Baby Boomers not buoyed by health benefits alone

Never before has the fitness industry witnessed as many people over the age of 55 taking part in exercise. While they want to be fitter, healthier and in better physical form than their counterparts from earlier generations,  a recent study from Concordia’s Department of Applied Human Sciences has found that none of these factors are motivation enough to keep baby boomers active through their senior years. So if the thought of lowering their chronic disease risk factors, maintaining their weight or prolonging the other physiological changes of advancing age is not enough to spur our older adults into active lifestyles, what is? Passion, a component that one of the study’s authors, James Gavin, says needs to be factored in when prescribing exercise for baby boomers.

With identifiable links between the boomer’s passion pursuits (such as tennis, golf or dancing, for example,) and the likelihood of their adherence to exercise, understanding just what to program for maximum translation is key to impacting their fitness positively.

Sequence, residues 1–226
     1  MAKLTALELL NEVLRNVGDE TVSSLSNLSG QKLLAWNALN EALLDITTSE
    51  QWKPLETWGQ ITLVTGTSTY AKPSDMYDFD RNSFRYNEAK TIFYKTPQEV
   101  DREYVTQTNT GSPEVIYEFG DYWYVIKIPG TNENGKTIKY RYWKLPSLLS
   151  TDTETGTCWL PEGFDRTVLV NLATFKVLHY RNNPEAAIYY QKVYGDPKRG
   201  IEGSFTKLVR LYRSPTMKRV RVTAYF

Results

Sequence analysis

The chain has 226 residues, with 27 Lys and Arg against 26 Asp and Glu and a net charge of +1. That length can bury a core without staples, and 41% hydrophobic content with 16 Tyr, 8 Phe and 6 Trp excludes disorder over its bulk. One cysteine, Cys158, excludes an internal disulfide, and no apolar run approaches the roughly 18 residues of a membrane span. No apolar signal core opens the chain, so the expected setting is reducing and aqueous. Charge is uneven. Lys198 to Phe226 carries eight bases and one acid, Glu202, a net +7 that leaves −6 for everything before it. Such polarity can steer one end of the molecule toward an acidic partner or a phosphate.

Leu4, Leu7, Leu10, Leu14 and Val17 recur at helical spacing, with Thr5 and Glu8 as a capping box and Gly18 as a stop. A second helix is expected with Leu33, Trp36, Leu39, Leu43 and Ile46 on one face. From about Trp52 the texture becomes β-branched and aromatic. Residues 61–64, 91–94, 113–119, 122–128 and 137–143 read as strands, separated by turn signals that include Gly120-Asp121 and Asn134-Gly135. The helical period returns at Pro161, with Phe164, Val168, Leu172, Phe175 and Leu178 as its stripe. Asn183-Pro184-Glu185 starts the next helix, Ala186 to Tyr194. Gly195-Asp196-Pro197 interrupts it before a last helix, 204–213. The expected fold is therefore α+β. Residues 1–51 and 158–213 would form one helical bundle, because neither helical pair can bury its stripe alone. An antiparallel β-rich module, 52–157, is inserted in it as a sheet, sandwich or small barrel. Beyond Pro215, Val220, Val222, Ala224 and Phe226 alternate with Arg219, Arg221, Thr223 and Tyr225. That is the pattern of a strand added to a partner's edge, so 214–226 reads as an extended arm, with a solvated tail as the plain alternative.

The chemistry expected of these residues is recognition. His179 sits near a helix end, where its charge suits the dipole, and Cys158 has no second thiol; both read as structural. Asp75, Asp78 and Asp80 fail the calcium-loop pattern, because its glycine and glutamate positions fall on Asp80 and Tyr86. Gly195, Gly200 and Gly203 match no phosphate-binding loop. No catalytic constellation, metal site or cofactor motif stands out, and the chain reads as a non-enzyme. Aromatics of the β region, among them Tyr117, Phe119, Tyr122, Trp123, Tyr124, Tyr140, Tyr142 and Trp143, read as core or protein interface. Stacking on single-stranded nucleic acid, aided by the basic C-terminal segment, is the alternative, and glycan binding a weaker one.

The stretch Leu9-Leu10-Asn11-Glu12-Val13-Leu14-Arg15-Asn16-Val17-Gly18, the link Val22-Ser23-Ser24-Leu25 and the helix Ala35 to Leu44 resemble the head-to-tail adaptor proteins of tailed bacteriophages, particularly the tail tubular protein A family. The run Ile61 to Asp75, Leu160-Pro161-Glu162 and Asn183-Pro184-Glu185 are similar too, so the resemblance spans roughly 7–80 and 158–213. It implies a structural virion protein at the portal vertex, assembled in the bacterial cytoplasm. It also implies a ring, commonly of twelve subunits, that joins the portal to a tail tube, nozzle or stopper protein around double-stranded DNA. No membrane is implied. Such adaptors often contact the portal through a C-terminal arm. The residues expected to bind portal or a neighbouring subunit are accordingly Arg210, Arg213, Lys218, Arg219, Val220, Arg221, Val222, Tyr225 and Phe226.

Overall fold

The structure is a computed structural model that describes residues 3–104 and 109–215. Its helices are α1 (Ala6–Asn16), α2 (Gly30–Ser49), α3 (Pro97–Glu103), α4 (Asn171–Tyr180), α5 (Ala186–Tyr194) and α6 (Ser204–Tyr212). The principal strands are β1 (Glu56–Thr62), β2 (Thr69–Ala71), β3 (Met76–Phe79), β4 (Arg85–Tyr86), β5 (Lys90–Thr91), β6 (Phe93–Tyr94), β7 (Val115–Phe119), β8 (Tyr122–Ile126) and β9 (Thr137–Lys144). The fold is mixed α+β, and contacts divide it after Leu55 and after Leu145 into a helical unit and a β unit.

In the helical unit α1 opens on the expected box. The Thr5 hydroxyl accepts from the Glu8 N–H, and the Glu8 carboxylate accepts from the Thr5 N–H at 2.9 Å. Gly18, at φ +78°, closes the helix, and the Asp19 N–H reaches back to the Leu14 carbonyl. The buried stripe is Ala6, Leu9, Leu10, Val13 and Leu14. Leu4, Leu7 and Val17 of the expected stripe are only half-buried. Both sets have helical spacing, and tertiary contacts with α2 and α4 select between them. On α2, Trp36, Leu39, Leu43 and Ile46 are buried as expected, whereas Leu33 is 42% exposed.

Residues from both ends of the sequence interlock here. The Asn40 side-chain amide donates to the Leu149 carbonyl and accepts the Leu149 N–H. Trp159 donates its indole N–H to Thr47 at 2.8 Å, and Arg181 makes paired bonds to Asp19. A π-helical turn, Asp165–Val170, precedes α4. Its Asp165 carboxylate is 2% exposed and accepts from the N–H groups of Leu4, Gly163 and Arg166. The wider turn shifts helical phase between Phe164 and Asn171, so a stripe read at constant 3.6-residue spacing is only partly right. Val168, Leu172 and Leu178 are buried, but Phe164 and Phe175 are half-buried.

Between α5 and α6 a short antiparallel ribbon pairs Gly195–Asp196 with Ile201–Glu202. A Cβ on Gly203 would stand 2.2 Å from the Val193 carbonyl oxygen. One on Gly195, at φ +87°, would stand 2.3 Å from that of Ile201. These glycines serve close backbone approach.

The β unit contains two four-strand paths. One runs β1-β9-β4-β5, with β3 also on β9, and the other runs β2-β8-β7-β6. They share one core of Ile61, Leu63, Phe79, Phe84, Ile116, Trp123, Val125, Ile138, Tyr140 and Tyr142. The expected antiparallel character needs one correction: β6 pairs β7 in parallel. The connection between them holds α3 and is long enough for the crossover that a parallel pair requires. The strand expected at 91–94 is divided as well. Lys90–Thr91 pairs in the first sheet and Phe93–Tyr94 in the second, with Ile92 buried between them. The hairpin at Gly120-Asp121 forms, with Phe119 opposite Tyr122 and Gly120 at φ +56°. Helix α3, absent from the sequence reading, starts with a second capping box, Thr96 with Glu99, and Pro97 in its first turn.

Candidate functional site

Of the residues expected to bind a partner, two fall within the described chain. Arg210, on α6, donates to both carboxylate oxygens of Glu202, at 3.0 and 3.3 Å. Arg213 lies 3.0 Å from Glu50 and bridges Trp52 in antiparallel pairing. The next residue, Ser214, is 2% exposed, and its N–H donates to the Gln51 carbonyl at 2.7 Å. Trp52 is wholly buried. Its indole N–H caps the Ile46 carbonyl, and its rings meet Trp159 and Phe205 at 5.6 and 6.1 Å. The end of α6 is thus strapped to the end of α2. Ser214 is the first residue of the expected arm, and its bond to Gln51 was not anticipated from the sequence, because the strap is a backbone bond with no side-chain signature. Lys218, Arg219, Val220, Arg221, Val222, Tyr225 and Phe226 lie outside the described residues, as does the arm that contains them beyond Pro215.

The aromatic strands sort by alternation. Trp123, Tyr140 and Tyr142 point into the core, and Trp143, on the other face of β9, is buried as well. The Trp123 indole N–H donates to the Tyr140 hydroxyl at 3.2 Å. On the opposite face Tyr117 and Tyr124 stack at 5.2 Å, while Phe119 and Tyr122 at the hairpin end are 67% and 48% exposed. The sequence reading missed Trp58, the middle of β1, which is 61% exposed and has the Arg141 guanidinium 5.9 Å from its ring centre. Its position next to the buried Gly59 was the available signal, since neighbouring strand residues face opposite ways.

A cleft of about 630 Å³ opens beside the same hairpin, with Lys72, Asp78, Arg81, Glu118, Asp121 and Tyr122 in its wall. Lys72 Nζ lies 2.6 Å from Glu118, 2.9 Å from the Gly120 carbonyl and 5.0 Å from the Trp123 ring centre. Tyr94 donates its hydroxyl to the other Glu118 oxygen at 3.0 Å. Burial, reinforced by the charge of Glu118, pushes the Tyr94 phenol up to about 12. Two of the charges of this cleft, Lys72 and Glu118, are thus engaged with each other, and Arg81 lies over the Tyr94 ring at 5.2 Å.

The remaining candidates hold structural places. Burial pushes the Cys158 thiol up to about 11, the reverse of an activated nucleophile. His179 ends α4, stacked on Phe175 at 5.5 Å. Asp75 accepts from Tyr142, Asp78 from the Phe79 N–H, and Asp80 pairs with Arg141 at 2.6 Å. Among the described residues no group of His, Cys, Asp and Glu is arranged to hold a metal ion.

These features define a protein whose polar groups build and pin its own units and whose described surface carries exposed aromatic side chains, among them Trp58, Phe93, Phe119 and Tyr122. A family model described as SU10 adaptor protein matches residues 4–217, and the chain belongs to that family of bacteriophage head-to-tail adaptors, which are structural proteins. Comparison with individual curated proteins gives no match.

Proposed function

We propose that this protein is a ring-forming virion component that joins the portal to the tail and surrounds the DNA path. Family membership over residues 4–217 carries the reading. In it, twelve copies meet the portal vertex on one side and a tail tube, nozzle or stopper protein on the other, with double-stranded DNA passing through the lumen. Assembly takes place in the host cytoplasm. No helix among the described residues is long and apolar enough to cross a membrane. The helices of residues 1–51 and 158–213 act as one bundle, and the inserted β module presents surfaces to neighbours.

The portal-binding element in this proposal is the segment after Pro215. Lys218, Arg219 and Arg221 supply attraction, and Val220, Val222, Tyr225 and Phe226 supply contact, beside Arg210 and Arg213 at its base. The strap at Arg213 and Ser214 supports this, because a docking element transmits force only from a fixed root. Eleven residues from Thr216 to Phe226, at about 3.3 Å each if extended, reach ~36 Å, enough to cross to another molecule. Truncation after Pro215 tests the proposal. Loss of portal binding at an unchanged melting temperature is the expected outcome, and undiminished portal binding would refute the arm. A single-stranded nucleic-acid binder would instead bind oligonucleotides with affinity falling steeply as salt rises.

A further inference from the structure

Australian Fitness Network has partnered with the Functional Ageing Institute to bring you Functional Ageing and Exercise, an online course that covers everything you need to know about exercise prescription and assessment for older adults, and that has been approved for 10 CECs by Fitness Australia.

For more information on working with the older adult client (from ageing physiology to assessment, prescription and more), check out Functional Ageing and Exercise.

http://www.fitnessnetwork.com.au/ceccourses/online


Reference: James Gavin, Matthew Keough, Michael Abravanel, Tatiana Moudrakovski, Madeleine Mcbrearty. ‘Motivations for Participation in Physical Activity Across the Lifespan’, International Journal of Wellbeing, August 2014